Monday, April 28, 2014

What Makes an Alien Intelligent?

That’s the point of a recent paper in Acta Astronautica by the dolphin-behavior researcher Denise Herzing. She warns against the seductive tendency to turn the question of a creature’s intelligence into one about how similar that creature is to humans. Instead, she writes, we need “a non-human biased definition and measure of intelligence.” This would allow us to identify signs of intelligent life that a human-centric explorer might overlook—for instance, in creatures without limbs to manipulate their surroundings, mouths to make sounds, or even brains to process information. (After all, microbes and plants learn about and react to their environments.)

Herzing’s paper proposes five indicators of intelligence that any given species or machine (she includes artificial intelligence in her assessment) might combine in its own way: first, the size of the subject’s brain (if it has one) relative to the rest of the body; second, the extent to which an entity sends and receives information; third, the degree to which individual members of a species are distinct from one another; fourth, the complexity of the being’s social life; and, fifth, the amount of interaction it has with members of other species. One way to be intelligent is to score high on all five measures, as dolphins do, for instance. Dolphins’ brains are more than four times larger than they “should” be for their body size (only humans have a higher “encephalization quotient,” as this ratio is called). Dolphins send and receive a great deal of information through their sounds and gestures. Each dolphin is a unique individual, with a personality and style that makes it easy to distinguish it from others. Dolphins have elaborate social lives. Finally, dolphins interact in varied ways with other species—with Herzing and her colleagues, for example, and also with other dolphin species, fish, and sharks—instead of ignoring them.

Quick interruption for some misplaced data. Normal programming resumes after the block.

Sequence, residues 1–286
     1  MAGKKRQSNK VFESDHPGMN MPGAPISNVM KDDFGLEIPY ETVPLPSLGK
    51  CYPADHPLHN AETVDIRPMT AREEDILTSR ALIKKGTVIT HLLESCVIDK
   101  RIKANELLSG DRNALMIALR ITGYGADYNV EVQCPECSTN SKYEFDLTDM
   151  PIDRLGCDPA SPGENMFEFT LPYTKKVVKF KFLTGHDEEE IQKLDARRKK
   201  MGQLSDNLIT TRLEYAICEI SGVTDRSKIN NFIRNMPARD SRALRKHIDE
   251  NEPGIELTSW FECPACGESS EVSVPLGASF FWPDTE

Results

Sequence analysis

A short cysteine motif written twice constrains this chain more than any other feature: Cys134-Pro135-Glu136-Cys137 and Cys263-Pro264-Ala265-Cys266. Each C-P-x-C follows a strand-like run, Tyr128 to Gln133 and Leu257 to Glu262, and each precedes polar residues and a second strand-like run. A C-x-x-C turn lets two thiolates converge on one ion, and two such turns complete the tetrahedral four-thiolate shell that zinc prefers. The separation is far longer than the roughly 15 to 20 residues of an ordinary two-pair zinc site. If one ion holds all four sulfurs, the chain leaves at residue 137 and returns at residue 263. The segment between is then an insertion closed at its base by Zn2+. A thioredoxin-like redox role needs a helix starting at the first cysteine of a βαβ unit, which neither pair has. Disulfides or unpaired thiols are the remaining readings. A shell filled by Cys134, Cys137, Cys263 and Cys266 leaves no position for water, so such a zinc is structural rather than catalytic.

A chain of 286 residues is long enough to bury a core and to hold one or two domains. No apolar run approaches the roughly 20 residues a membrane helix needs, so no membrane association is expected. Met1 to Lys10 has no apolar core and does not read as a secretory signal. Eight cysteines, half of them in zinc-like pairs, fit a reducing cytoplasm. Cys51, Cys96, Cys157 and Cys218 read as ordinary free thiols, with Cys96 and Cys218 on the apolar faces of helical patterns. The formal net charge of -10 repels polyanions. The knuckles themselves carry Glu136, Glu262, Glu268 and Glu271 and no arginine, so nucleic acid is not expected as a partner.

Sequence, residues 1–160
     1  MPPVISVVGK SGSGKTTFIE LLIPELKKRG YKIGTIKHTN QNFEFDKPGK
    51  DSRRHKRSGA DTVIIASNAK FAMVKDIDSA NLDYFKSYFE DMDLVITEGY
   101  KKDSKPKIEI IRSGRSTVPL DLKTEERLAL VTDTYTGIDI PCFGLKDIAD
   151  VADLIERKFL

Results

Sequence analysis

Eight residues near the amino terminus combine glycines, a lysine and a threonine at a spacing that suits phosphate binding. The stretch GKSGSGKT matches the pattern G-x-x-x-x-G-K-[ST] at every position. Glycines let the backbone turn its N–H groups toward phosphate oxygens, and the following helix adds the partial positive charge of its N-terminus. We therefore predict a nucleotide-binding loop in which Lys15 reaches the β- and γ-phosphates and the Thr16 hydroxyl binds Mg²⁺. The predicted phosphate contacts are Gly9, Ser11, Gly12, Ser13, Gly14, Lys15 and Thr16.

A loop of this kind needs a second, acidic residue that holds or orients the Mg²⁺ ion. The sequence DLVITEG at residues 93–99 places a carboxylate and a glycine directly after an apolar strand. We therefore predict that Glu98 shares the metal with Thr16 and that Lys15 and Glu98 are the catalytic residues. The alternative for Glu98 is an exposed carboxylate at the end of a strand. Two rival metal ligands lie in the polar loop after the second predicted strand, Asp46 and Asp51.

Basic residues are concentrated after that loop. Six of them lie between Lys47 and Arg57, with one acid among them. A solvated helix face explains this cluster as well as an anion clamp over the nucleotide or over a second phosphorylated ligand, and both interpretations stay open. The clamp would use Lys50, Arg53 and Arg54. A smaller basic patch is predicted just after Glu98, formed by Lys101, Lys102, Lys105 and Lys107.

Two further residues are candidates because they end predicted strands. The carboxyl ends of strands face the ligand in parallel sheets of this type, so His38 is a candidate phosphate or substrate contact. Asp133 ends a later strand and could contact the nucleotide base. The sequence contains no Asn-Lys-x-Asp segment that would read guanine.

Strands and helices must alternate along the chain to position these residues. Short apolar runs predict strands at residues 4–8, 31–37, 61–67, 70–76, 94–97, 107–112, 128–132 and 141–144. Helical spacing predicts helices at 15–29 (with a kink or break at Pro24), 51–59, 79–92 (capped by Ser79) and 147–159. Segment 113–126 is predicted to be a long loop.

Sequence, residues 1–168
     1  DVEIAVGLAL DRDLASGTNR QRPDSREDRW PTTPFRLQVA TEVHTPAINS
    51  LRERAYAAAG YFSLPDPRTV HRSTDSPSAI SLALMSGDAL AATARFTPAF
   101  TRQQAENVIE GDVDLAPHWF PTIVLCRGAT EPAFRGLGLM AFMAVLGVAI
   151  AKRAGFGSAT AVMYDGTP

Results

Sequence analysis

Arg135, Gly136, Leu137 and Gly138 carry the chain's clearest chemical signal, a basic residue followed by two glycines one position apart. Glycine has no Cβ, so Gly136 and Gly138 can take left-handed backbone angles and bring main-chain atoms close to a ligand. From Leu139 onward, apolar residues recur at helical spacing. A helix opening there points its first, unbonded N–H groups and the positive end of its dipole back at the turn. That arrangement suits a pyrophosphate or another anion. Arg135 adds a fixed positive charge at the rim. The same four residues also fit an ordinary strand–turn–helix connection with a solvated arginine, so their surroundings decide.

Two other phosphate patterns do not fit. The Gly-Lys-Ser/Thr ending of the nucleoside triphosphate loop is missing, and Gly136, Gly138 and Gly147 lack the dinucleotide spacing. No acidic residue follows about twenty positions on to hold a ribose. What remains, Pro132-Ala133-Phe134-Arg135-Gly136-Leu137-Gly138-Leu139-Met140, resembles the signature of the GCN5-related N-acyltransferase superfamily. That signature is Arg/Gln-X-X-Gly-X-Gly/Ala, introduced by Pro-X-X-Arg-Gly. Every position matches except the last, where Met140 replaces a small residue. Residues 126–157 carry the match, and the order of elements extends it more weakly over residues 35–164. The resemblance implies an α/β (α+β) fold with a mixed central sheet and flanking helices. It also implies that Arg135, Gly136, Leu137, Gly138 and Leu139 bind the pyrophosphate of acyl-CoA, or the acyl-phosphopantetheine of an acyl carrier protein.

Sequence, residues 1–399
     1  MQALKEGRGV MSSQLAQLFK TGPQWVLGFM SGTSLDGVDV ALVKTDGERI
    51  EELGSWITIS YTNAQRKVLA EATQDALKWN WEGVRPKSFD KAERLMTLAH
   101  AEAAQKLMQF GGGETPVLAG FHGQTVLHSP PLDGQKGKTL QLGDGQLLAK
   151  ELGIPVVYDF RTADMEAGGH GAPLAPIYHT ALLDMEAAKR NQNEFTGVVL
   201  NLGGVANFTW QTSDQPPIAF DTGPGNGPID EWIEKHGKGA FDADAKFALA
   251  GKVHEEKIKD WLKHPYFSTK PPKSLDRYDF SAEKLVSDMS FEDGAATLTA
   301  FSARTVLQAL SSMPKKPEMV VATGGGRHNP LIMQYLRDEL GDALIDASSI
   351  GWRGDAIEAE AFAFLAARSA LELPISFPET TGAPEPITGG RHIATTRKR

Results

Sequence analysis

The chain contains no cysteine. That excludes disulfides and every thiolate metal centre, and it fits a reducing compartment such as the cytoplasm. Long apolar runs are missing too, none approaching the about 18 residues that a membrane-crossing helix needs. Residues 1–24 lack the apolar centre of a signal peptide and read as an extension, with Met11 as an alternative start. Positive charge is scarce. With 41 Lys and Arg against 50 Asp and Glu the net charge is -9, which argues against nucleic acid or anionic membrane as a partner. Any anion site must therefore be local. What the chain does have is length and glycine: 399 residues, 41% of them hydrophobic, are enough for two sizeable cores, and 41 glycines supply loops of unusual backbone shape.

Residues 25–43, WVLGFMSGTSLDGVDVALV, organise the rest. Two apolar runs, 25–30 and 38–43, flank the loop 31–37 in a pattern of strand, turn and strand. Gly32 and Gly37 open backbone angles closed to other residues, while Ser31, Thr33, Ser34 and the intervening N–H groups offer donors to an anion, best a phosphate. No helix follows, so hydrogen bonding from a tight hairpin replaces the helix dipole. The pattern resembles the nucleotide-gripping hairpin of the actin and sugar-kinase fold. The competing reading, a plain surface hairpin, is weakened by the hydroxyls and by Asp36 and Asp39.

Of course, it’s kind of discouraging to think the human race could spend so much hope and effort on the search for life only to find roving wave-lattices and other beings that won’t, or can’t, talk with us. But you can also see the expansion of our quest for intelligence as exhilarating. It raises the possibility that life out there will be interestingly, perhaps shockingly, different. The alternative possibility is that the problems of life and intelligence are the same everywhere, which means that evolution will keep converging on the same answer on Earth and on any other planet—and what could be less encouraging of space travel than the thought that the journey’s end would reveal more of the same? Better to wrestle at the edges of comprehension than to expect, as Wallace Stevens once wrote of Heaven, “that they should wear our colors there, and pluck the strings of our insipid lutes.”

- More Here

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